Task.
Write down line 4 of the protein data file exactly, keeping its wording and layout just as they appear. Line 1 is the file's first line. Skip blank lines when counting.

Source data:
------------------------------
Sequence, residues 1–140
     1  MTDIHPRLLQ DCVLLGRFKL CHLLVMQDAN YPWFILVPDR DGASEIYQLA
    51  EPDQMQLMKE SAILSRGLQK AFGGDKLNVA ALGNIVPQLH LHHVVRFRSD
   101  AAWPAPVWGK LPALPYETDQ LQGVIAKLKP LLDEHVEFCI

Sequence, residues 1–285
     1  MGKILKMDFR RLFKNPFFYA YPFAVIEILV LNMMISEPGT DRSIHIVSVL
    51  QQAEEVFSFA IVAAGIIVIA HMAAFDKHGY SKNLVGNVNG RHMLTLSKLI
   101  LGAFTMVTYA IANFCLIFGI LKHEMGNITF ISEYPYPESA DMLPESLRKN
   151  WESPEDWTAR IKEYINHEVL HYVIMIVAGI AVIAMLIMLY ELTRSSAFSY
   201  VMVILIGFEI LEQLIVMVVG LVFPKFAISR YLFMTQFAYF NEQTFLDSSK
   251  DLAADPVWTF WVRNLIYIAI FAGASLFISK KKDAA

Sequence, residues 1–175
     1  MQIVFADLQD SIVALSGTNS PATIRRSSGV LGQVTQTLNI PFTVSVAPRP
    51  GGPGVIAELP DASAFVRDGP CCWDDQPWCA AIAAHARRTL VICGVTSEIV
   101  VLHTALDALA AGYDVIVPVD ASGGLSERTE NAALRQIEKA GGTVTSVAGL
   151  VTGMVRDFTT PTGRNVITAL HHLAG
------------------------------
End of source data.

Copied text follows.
   101  AAWPAPVWGK LPALPYETDQ LQGVIAKLKP LLDEHVEFCI